We Go Way Back

Reconnect with yourself by reconnecting with friends from the past

6-16 Feature_Way Back_web2When you look back on your life, it’s likely that you cherish memories of a close friend that you haven’t seen in a long time. Maybe one or both of you moved far away, and you lost contact. Maybe life simply became busier for both of you, so you haven’t talked in a while. After years of separation, is it really worth the effort to reconnect with a long lost friend? Elizabeth Hill Arredondo, a counselor with Atascocita Counseling Associates in Houston, states, “Old friends know a part of you with whom you may have lost touch. They may know a younger you who was more carefree, inspired, or romantic. Wouldn’t you like to get to know that you again?” 

Whatever the reason you fell out of contact with an old friend, it’s possible that you now realize how important they have been to you, and you want that them back in your life. There’s no time like the present to reach out to them, start fresh, and renew meaningful friendships.

Face Fears

Even if you genuinely want to reconnect with a friend that meant a lot to you in the past, you may still fear initiating contact with them. “People fear, more than anything, that they will be judged,” says Arredondo. “They fear an old friend will think either that they aren’t as attractive or successful as they are, or that they aren’t as attractive or successful as they used to be. Those fears usually go unconfirmed. In fact, we’ve all had failures and successes, losses and gains, and are relieved to know we are not the only one.” Giving into unfounded fears could mean losing the opportunity to laugh with and receive support from a true friend.

Get Started

6-16 Feature_Way Back_web1Social media sites like Facebook and LinkedIn make locating and contacting a person as easy as doing a simple search. Even if finding them does prove more difficult—for instance, if the person moved or changed their name after marriage, just to name a few scenarios—ask a mutual friend or a school alumni association or reunion committee how you might find them. If all else fails, try Google.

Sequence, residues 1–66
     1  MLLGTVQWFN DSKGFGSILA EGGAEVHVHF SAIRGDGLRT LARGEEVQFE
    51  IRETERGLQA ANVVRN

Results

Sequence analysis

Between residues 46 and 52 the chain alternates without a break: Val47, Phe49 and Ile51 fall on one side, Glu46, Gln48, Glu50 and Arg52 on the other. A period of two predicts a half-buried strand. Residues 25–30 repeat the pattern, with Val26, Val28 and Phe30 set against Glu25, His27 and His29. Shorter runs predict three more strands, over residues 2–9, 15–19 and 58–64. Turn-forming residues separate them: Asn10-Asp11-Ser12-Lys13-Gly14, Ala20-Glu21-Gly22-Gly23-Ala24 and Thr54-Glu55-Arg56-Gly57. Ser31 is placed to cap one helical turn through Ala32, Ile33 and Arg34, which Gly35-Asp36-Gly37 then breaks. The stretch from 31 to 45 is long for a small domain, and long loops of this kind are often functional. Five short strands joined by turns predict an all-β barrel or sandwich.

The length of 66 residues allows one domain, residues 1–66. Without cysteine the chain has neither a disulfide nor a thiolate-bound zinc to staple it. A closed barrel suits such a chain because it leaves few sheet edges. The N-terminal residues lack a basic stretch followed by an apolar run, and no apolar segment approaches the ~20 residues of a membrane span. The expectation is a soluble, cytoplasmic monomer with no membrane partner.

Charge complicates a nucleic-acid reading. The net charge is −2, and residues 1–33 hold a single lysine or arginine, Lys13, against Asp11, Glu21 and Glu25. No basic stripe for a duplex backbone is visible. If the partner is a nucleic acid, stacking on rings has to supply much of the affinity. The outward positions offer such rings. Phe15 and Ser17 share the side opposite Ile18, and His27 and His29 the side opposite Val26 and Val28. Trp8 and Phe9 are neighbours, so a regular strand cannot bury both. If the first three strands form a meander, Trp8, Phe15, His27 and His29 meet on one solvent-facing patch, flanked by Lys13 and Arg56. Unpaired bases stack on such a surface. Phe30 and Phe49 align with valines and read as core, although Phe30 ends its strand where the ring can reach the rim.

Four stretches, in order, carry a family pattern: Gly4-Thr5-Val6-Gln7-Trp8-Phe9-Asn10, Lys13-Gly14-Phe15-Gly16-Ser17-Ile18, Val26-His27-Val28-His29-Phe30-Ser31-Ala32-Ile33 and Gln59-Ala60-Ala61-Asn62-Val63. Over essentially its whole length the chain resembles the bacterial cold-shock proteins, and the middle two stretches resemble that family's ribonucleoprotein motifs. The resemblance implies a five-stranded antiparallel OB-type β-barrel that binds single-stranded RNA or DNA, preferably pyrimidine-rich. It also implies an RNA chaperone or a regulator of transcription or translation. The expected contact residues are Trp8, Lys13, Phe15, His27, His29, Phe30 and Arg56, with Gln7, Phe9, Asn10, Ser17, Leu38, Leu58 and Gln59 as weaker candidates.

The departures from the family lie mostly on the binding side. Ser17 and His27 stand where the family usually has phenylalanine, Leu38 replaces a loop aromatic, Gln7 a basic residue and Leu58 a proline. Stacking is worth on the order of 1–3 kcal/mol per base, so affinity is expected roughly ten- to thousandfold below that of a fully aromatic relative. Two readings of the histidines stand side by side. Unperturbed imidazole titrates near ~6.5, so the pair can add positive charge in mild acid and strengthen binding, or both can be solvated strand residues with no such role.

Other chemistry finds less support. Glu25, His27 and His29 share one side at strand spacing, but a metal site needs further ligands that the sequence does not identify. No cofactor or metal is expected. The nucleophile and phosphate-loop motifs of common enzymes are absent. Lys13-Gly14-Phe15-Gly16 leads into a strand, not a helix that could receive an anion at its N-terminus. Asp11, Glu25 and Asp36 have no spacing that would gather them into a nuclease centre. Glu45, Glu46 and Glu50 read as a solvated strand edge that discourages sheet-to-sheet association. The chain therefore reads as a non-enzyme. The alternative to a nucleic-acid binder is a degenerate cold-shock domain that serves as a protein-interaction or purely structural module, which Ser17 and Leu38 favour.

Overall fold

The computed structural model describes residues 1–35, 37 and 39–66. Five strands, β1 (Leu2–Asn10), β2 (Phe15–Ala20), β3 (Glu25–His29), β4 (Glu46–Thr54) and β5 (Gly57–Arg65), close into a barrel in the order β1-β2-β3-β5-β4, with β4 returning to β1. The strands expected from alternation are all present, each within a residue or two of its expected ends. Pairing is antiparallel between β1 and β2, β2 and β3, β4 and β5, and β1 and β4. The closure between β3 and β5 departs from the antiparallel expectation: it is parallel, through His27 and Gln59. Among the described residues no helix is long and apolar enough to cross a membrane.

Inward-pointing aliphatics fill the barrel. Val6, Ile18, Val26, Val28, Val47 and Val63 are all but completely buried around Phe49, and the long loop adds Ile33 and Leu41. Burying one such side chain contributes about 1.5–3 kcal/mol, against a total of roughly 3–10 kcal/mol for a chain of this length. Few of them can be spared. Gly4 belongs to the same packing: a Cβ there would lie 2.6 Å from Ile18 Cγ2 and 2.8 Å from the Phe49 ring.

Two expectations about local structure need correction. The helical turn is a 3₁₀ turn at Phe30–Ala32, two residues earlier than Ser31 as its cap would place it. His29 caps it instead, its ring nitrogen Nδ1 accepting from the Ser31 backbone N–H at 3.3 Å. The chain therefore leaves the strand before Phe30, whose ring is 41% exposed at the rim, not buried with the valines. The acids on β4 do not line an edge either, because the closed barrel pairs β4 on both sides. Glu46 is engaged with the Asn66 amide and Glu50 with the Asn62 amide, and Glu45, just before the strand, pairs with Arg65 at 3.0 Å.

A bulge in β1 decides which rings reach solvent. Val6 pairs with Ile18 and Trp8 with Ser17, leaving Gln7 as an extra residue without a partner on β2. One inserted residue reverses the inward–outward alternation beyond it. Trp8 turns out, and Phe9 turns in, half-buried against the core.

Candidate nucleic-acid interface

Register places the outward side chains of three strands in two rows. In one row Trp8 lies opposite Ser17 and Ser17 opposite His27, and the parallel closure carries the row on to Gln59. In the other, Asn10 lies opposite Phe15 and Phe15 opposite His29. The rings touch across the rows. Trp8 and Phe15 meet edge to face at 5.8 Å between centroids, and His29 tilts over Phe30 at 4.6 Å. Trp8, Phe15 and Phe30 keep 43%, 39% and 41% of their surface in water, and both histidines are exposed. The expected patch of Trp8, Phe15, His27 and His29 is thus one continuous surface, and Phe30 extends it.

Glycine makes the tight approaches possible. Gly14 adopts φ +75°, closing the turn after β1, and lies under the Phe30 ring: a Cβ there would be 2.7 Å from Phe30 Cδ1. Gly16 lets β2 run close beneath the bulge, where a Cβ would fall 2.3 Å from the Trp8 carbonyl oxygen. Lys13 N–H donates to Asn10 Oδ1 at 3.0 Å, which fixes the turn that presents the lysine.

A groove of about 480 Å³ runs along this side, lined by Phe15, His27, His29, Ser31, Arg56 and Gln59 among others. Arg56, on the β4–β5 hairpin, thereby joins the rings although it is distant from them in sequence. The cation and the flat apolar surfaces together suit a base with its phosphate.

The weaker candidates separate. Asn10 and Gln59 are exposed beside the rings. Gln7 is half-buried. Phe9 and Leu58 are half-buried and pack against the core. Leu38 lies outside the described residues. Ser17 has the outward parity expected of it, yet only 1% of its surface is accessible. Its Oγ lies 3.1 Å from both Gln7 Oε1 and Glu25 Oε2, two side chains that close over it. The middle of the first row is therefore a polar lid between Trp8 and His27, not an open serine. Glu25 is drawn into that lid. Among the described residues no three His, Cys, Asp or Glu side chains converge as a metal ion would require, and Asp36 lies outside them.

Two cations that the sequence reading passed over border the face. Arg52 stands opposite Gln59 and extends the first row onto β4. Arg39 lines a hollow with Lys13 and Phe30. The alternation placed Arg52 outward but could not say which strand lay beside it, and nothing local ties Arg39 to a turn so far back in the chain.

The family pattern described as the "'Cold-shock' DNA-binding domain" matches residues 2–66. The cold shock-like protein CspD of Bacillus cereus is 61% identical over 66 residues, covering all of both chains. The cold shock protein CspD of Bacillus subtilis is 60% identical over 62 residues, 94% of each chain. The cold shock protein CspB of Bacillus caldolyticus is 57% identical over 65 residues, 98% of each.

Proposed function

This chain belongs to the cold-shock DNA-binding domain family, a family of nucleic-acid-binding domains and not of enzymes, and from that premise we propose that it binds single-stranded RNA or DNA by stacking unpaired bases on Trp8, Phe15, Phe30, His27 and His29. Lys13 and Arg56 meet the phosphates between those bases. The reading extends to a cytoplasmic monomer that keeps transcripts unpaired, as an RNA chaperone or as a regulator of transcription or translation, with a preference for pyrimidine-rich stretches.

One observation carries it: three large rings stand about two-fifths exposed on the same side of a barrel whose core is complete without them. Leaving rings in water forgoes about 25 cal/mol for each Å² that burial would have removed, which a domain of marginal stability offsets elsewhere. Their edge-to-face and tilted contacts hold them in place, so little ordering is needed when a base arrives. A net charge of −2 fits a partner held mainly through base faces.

Once they are found, the challenge is breaking the ice in a casual, low-stress way. Try sending a brief message to remind them of your favorite memory, ask about their journey, their family, their career. Express that you have sincerely missed them. If you are both comfortable and live locally, you might suggest meeting in person for coffee or dinner to reminisce and catch up.

Move Forward

What’s great about renewing friendships with old friends isn’t just that you can remember the “good old times,” it’s also that you can create some “good old times together” in the present. Once you’ve reconnected and found that you can enrich each other’s lives, make new memories. More informally, on Facebook or other social media sites you can like or comment on their status updates or posts to show your interest in their present life. If appropriate, invite them into your current life by introducing them to your family, attending an event like a concert together, or planning trips or more consistent outings together.

“Old friends and family members are the people who can best help you understand who you have become … they also can affirm you in ways nobody else can.  They know your enduring character and personality traits,” Arredondo says.

No matter how long it has been neglected, a genuine friendship is worth dusting off and restoring.

Long Distance Friendships: How to Stay Close When You’re Far Apart

  • Send Facebook messages or comments
  • Talk via Facetime or Skype
  • Call them
  • Email back and forth
  • Text inside jokes
  • Send birthday and holiday cards
  • Share old and new photos
  • Navigate a trip through or to their city for a visit
  • Plan a trip together
  • Watch a movie you both loved at the same time “together”

Topics of Conversation with an Old Friend

  • Reminisce about specific happy or funny memories.
  • Share something you learned from them.
  • Tell them how much they mean to you.
  • Ask about their parents, siblings, or other family members you knew when you were close.
  • Ask about their own family now (e.g., spouse, children).
  • Update them about your family members.
  • Ask about a goal or dream they mentioned in the past that they wanted to accomplish.
  • Share your career progression, highlights, and low points, and ask about theirs.


By Lacey Kupfer Wulf

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